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What is the Sedimentation Rate?

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  • Written By: Felicia Dye
  • Edited By: Heather Bailey
  • Last Modified Date: 19 September 2016
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Sedimentation rate can refer to a blood test formally known as erythrocyte sedimentation rate (ESR). Sedimentation rate can also refer to the result of such a test. This test has been widely used by doctors to screen for inflammatory diseases and to monitor the progress of treatment.

Erythrocytes are red blood cells. An ESR is a procedure that measures how fast red blood cells become sediment in blood serum. To conduct the procedure, blood needs to be drawn and stored in a tube. The tube needs to be left still and in an upright position. Eventually, the red bloods cells will begin to descend. The sedimentation rate is gathered by noting how fast the red blood cells descend in an hour.

Although this is a fairly simple test, it is usually conducted in a laboratory. The sedimentation rate is expressed as millimeters per hour, or mm/hr. There are sedimentation rates that are considered normal depending upon age and sex. For example, the normal rate for females under 50 is generally 0-20 mm/hr and for males under 50 it is 0-15 mm/hr. These rates tend to be slightly elevated with advanced age.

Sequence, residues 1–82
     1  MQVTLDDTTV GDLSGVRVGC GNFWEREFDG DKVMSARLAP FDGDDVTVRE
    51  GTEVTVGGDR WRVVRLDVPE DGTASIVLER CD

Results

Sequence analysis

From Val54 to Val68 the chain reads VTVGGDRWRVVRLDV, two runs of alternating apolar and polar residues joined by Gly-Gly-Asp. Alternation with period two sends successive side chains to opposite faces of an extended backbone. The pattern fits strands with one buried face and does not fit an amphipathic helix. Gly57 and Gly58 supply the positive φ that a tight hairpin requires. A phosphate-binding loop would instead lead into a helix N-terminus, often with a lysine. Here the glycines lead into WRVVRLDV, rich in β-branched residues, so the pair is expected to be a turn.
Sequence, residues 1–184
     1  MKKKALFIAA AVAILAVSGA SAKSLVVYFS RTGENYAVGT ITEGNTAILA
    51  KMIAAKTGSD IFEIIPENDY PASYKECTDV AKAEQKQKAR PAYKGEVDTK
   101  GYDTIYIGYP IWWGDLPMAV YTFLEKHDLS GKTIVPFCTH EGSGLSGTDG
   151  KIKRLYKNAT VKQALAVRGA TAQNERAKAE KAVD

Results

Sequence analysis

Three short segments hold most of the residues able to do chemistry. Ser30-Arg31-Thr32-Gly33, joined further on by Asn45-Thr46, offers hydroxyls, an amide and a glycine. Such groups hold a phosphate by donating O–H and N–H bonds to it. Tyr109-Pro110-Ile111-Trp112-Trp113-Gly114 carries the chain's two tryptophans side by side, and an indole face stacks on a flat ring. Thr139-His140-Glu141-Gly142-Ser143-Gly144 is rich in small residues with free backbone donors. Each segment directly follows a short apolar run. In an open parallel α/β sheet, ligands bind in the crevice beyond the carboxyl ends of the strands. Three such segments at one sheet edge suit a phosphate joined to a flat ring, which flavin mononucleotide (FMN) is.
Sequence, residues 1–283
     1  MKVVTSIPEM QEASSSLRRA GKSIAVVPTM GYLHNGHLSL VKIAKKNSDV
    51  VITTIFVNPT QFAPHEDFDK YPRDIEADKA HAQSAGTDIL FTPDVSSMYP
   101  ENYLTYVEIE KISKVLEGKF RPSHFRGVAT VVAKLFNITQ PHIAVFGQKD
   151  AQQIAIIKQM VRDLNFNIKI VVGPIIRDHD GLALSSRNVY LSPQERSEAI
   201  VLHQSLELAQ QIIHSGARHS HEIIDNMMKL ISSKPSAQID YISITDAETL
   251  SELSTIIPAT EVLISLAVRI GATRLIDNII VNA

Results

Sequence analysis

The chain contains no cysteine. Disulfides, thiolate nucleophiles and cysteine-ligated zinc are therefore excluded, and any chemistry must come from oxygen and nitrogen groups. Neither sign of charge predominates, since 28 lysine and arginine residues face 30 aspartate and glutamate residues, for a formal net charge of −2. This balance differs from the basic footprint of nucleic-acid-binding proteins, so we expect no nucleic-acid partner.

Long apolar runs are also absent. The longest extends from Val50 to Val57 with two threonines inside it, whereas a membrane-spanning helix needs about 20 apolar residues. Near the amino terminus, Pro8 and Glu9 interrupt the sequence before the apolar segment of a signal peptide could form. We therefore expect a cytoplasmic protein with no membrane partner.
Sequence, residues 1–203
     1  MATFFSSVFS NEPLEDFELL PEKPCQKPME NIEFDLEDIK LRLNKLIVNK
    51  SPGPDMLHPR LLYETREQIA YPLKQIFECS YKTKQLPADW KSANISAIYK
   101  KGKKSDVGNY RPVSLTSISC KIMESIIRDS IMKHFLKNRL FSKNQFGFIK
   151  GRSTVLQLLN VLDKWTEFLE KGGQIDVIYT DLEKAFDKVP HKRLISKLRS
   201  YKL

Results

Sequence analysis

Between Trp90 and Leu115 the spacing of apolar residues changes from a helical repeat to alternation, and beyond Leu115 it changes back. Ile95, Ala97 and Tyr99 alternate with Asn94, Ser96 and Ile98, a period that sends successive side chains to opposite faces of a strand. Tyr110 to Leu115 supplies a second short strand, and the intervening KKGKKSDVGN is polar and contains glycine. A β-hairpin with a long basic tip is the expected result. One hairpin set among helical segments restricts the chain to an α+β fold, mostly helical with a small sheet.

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Above normal sedimentation rates can be an indicator of inflammation. For this reason, these tests have been widely used by physicians who suspect conditions such as polymyalgia rheumatica and temporal arthritis. When the test accurately indicates inflammation, the rule is that the higher the rate, the more inflammation that is likely to be present in the body.

ESR is a screening test, however, and is not advised as a diagnostic tool. There are several reasons for this. To begin with, although a sedimentation rate may indicate inflammation, it cannot pinpoint where the inflammation is or what is causing it.

Furthermore, an abnormal sedimentation rate can indicate numerous conditions, depending on the amount of variance. Above normal rates could be caused by conditions such as syphilis, tuberculosis, or pregnancy. When the rates are drastically higher than normal, the causes could be systemic infection, multiple myeloma, or necrotizing vasuclitis. It is also possible for the sedimentation rate to be below normal, in which case, the problem could be congestive heart failure, sickle cell anemia, or polycythemia.

Drugs can affect sedimentation rates. For example, oral contraceptives and vitamin A can increase the rate, while aspirin and quinine can decrease it. For these reasons, an ESR is normally conducted in conjunction with other tests, such as comprehensive metabolic panels and rheumatoid factors.

Sedimentation rates can also be used for monitoring purposes. A person who has an elevated rate due to inflammation, for example, should find the rate normalizes when the inflammation decreases. Stable or decreasing sedimentation rates can, therefore, be an indication of the effectiveness of a prescribed treatment.

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